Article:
Wrong way criticisms of J Street


I’ve noted in the past (here and here) when I thought J Street was taking unfair swipes at those who take a different view on Israel-related issues.

This time, however, it is J Street that’s getting a bum rap.

When the controversy heated up over President Obama’s decision to honor former U.N. human rights commissioner Mary Robinson, JTA called J Street and other groups that have been defnding the administration’s calls for an Israeli settlement freeze. All of them, including J Street, declined to take a position on Robinson.

But yesterday Noah Pollak put up a post at Commentary’s blog title "J Street hearts Mary Robinson" and AIPAC spokesman Josh Block put up a post to his personal Twitter feed titled "JStreet’s PR agency working to support Mary Robinson."

So what’s the deal?

It turns out that Matt Dorf — the Dorfier half of Rabinowitz/Dorf, the outside communications firm used by J Street — sent an e-mail to several White House reporters noting that "not everyone is critical of President Obama giving the Freedom medal to Mary Robinson"; he attached letters from Nancy Rubin and Ruth Messinger defending Robinson. (Block’s Twitter post links to a copy of Dorf’s e-mail. Click here to read Rubin’s and Messinger’s original letters.)

Dorf, whose firm represents several clients that could conceivably weigh in on the issue, insists that he sent his e-mail out as an unpaid favor that had nothing to do with J Street.

As so often is the case with examples of bloggers/twitterers gone wild… the truth would have been enough: Pollak and Block could have scored plenty of points with plenty of readers simply by noting that J Street was declining to critciize the selection of Robinson or her record at Durban. Why take it one step further by using Dorf’s e-mail to imply unfairly that J Street might  be endorsing Robinson? And if they wanted to know if Dorf was acting on behalf of J Street or someone else, why not just ask the question (as Ed Lasky did)?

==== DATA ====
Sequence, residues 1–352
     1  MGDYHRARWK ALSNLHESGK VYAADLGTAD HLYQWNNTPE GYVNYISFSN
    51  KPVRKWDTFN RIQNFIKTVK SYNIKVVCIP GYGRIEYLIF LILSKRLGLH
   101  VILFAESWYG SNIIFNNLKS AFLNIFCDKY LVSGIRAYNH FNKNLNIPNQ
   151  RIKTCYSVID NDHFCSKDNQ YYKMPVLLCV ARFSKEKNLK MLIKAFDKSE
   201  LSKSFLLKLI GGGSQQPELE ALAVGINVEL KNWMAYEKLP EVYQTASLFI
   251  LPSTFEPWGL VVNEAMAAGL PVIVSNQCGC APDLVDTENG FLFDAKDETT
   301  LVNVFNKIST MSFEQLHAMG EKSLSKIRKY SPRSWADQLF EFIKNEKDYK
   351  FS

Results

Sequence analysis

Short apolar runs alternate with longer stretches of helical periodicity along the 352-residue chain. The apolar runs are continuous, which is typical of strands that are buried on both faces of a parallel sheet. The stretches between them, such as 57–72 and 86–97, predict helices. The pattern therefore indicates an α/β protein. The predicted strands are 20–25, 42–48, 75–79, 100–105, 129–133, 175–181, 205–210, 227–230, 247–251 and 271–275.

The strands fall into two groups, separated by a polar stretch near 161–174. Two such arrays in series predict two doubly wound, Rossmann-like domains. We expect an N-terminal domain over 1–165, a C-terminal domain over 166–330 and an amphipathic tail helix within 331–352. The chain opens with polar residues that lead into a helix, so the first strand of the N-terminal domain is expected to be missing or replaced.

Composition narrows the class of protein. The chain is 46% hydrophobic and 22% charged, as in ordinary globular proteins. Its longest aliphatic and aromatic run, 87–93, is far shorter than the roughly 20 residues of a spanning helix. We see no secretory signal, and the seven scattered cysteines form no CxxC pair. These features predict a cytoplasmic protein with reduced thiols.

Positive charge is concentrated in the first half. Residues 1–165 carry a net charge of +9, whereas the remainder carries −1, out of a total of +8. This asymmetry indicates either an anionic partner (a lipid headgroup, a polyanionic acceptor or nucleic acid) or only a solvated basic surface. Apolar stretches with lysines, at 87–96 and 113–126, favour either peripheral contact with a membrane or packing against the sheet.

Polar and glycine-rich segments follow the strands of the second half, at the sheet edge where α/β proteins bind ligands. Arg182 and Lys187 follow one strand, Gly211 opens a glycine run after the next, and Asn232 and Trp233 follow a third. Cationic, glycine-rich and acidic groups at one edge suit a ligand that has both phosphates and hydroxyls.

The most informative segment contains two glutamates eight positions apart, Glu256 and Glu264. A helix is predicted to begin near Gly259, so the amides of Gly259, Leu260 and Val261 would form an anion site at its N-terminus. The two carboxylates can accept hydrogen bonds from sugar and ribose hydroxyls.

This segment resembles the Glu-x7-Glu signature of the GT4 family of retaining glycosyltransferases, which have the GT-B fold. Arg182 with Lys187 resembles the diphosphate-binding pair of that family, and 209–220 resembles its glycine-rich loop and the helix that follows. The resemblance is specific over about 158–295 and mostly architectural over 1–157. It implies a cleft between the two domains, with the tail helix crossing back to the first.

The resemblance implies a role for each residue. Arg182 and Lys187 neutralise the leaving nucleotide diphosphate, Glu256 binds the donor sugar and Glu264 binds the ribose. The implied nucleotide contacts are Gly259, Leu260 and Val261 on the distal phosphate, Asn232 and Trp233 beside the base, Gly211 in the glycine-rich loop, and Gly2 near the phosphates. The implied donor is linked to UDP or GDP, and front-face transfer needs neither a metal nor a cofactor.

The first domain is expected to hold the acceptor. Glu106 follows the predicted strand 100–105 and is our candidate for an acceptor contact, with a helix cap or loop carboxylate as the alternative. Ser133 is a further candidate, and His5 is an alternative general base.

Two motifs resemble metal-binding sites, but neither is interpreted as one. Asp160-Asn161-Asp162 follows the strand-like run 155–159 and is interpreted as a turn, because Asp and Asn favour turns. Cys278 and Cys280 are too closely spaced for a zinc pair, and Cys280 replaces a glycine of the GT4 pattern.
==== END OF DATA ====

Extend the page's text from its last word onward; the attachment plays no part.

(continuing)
Block, who served as a Democratic consultant before coming to AIPAC, stands by his characterization of Dorf’s e-mail as coming from "J Street’s PR agency." Here’s the statement he sent me:

"As I shared with Steve Rabinowitz, Matt Dorf’s business partner at Rabinowitz/Dorf, I simply made Matt’s email supporting Mary Robinson available to people who may have been interested in his views but were not on his blast email list.  Perhaps they should pay me a commission for helping spread their message.  Since Matt Dorf is best know these days as the PR person for that group, it seemed like a completely appropriate and relevant way to identify him.  And if his clients don’t share his support for the person identified by Tom Lantos, Elie Wiesel and countless others for the vile, anti-Israel debacle at Durban, they should say so."

I don’t know … according to this theory, it seems like AIPAC should have to answer for any comment uttered by its outside lawyer, the opinionated Nat Lewin — and we would be OK running with an "AIPAC’s lawyer" headline, even if Lewin made a newsworthy comment in an e-mail that made no mention of AIPAC. [UPDATE: Or … if Block feels AIPAC doesn’t need to answer for his personal Twitter feed because he put up a disclaimer, why is it not enough for Dorf to say he wasn’t speaking for J Street?]

The final twist in all of this: We received a statement from Rabinowitz/Dorf informing us that one of the firm’s clients, Hadassah, was criticizing the Robinson selection.

So maybe I should change the headline of this post to: "J Street’s PR firm sends out message bashing Robinson."

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